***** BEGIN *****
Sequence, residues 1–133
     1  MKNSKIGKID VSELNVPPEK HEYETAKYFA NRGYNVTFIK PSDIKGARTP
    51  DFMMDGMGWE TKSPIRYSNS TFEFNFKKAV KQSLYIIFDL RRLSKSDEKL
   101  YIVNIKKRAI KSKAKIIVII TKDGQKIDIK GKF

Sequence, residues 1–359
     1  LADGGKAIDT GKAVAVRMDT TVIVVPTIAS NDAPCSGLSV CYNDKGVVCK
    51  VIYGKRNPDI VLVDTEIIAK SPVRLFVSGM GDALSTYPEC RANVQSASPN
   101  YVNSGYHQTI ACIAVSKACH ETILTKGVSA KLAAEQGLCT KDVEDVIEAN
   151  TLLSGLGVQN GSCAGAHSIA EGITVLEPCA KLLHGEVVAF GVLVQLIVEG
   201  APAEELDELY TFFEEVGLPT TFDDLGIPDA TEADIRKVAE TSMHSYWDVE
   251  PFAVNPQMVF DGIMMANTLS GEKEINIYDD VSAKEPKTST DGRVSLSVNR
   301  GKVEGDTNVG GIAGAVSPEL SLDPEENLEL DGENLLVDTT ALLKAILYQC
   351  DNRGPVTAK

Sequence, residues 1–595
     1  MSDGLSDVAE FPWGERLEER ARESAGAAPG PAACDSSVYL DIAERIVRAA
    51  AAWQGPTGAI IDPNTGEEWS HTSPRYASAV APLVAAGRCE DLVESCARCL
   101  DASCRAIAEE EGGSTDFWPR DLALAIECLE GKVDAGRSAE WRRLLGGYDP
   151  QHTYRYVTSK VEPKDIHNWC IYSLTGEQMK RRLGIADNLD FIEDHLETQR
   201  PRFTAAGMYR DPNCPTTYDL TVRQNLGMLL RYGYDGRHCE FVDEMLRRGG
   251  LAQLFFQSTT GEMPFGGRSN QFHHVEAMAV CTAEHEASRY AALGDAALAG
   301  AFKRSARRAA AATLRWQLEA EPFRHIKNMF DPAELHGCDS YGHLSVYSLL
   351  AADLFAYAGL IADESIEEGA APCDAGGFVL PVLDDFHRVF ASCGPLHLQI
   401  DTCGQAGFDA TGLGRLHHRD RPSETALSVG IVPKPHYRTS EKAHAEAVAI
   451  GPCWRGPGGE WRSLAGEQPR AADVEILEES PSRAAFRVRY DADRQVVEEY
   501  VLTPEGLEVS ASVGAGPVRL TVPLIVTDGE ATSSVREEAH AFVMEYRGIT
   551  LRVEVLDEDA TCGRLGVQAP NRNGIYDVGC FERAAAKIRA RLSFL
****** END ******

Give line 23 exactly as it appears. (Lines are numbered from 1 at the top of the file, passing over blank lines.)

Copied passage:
   401  DTCGQAGFDA TGLGRLHHRD RPSETALSVG IVPKPHYRTS EKAHAEAVAI